When Parents Do Too Much for Their Kids

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My young Piranhas. They are never too young to learn responsibility for their actions.

I read an interesting article that a friend posted on FB called “8 Things Kids Need to Do By Themselves Before They’re 13” by Amy Carney. Carney is the mother of triplet teen boys and two other younger children and she’s got parenting down.

Her article listed things that parents need to stop doing or we won’t have independent well-functioning kids. I thought it made some really good points, and I wish I would have heard about this list before my kids were in middle school. I have been known to bail my kids out, rushing to school with their forgotten homework or lunches. Their lack of planning on big projects became my emergencies and stress. I wasn’t helping them at all by picking up the pieces. In truth, I bailed out one child more than the other, and that child almost failed out of college his freshman year. He was not ready to go because I was doing everything for him, including waking him up in the morning.

Here are four of the eight things on her list. To read her complete list click here.

1. Waking them up in the morning
2. Making their breakfast and packing their lunch
3. Filling out their paperwork
4. Delivering their forgotten items

Monday morning we pulled out of the driveway and screeched around the corner of the house when daughter dear realized she forgot her phone. “We have to go back, Mom!” Another exclaimed that he forgot his freshly washed PE uniform folded in the laundry room. I braked in hesitation as I contemplated turning around. Nope. Off we go, as the vision surfaced of both of them playing around on their phones before it was time to leave.

Parents don’t miss opportunities to provide natural consequences for your teens. Forget something? Feel the pain of that. Kids also get to see, that you can make it through the day without a mistake consuming you.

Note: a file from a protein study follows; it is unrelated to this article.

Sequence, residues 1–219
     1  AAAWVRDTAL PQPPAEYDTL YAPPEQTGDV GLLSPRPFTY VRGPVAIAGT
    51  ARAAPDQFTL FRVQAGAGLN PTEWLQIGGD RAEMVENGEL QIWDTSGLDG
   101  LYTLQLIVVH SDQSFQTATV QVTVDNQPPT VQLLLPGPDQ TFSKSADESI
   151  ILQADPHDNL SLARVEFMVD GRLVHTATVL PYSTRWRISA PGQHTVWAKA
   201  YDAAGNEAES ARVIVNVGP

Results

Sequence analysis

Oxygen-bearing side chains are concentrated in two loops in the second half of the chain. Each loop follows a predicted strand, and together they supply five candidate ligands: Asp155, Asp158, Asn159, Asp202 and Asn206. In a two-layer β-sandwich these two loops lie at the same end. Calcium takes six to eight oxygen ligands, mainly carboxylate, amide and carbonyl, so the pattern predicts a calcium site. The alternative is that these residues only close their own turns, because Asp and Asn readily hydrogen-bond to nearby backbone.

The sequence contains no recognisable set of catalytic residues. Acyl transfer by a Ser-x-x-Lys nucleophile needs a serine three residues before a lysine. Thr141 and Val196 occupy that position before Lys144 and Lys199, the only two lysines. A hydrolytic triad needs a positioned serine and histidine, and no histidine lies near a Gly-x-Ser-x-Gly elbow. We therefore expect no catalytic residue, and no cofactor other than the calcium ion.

We also have a rule that Mom and Dad are not to get pleading texts from school asking for forgotten items. It still happens, but we have the right to just shoot back “that’s a bummer.”

What happens when we do too much for our kids? In my opinion, they aren’t allowed to grow up. They have no consequences for their actions or lack of action. They don’t know how to plan, be responsible or own up to their mistakes. If you’re a parent who is continually jumping in to save your child, stop. You can’t move into the college dorm with them and by then it’s too late.

 

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When they were young and at the beach.

Both of my kids swam from elementary school through high school and one continued in college. I liked having my kids in year-round swimming because it taught them there was a direct correlation between their actions (how hard they tried) and outcomes (getting faster.) Also, practice every day, six days a week with a few doubles thrown in, taught them time management. They were responsible for their own equipment, too. There are tons of life lessons in the pool. But, because of how busy and dedicated they were, I overcompensated in other areas of their lives.

 

Here are a couple of SwimSwam articles I wrote on the subject:

In 11 Tips for Parents on What Our Kids Need to Know Before College, I have created a list of life skills that we should check off before the kids move out.
In 12 Hints You Might Be a Hovering Helicopter Swim Parent, I write about the little things we do for our kids without a second thought, that will put them at a disadvantage when they move away.
What are your thoughts about getting kids ready for the real world? Are we helping or hurting our kids by doing too much for them?

Is Parenting Over When Kids Grow Up?

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My kids at ages 18 and 21.

How much support should parents give their kids — emotionally and financially — when they’re technically grown up? When I was young, in my early 20s, I was on my own and didn’t receive help financially or emotionally from mom or dad. In fact, I moved to California, got a job and was married within a couple years. Several months after college, I was basically on my own.